With the right components, you can improve your old furnace's energy efficiency without having to make extensive replacements. Smart systems, zoning systems, and motor upgrades for your furnace can all have a big impact on your energy bill.
With older furnaces, having more precise control over your thermostat is an easy way to make things more efficient, and smart systems can add plenty of control. A smart thermostat is one of the most important components. Depending on which model you get, a smart thermostat will let you set schedules, adapt temperature settings based on time of day and outdoor temperature, connect to WiFi, and allow you to control settings from your phone or tablet whether you're home or not. Some models may also let you control your thermostat settings with your voice.
Additionally, some will offer data that shows you your usage over time and start to make suggestions on how to improve efficiency. If you want to get even further into customizing your system, look for thermostats that support routines that can do things like detect when you get home and turn on automatically.
When in doubt, talk to an HVAC professional. With your primary goal of efficiency in mind, they can make suggestions as to what kind of features will help you best. This can also be impacted by things like the size of your home, how many people live there, and during which hours people are home the most.
Zoning systems add further control to your furnace by effectively letting you set different temperatures for different areas of your house. This usually works by installing dampers in your ducts and an additional thermostat for each "zone" in your house. This can be useful for comfort purposes, but if you're in a situation where only a few rooms are being used during the day, you can use a zoning system to help make sure that only a few rooms are kept warm during those hours rather than the entire house.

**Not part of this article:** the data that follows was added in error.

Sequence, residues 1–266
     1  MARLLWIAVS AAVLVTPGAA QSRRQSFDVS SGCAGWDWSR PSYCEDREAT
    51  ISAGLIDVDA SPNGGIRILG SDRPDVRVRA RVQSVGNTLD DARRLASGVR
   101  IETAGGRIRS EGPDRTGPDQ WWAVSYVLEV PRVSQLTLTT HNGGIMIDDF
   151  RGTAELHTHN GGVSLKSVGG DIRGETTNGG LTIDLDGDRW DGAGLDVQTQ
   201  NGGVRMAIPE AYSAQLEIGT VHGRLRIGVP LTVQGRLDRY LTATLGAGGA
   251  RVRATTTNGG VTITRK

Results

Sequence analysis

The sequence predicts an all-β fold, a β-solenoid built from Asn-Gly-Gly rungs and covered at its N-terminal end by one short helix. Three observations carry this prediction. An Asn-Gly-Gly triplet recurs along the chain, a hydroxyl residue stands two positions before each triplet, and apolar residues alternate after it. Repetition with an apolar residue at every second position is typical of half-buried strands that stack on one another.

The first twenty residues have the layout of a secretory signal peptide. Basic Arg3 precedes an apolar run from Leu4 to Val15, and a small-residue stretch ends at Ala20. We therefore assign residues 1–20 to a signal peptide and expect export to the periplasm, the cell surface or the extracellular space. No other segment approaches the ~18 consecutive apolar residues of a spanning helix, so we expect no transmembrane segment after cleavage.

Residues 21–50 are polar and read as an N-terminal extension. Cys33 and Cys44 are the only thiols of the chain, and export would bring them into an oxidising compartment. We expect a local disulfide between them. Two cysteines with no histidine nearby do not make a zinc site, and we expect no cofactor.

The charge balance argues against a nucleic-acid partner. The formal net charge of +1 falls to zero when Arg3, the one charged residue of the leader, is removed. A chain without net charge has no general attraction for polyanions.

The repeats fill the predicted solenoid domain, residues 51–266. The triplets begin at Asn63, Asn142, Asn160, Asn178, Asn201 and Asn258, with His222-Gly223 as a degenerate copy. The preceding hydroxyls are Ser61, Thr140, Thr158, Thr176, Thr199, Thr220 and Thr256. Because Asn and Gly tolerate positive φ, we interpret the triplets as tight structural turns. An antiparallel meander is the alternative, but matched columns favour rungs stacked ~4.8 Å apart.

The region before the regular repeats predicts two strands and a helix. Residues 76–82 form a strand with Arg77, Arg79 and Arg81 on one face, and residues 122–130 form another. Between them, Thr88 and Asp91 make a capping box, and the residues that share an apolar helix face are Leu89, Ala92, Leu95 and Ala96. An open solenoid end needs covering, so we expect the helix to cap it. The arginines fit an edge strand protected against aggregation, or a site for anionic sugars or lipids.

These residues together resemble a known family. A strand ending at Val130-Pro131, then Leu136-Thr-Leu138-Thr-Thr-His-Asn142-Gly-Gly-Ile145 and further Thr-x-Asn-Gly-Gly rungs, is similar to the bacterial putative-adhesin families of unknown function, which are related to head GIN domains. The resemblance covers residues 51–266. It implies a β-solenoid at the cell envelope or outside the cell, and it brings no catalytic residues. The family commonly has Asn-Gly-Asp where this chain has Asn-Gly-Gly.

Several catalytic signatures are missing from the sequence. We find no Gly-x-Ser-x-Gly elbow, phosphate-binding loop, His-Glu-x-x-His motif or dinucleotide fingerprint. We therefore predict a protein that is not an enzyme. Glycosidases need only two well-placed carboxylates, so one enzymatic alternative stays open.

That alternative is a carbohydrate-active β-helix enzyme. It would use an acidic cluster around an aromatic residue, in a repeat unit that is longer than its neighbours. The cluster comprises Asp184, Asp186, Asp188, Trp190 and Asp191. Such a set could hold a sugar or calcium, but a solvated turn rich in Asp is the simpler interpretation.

Dampers can often be installed in existing ducts rather than requiring any extensive replacements, though if your ducts are as old as your furnace and haven't been maintained, they may need some repairs at the very least. Talk to an HVAC professional to ask how a zoning system could impact your home and energy bill.
Older furnaces are more likely to have a single-speed motor, which means that they only turn on or off. A variable-speed motor can run at partial power, however, which is often better for energy efficiency. For example, a furnace with a single-speed motor will run at full blast and then shut off, and continue cycling on and off this way. A variable-speed motor has the ability to run constantly at lower power, keeping your home at a more consistent temperature and using less power at the same time.
Motors aren't the cheapest of components, but they're still far less pricey than replacing your entire furnace, and they're often well worth the investment when upgrading an old furnace. Your technician can replace this motor for you and make sure it's running in time for winter.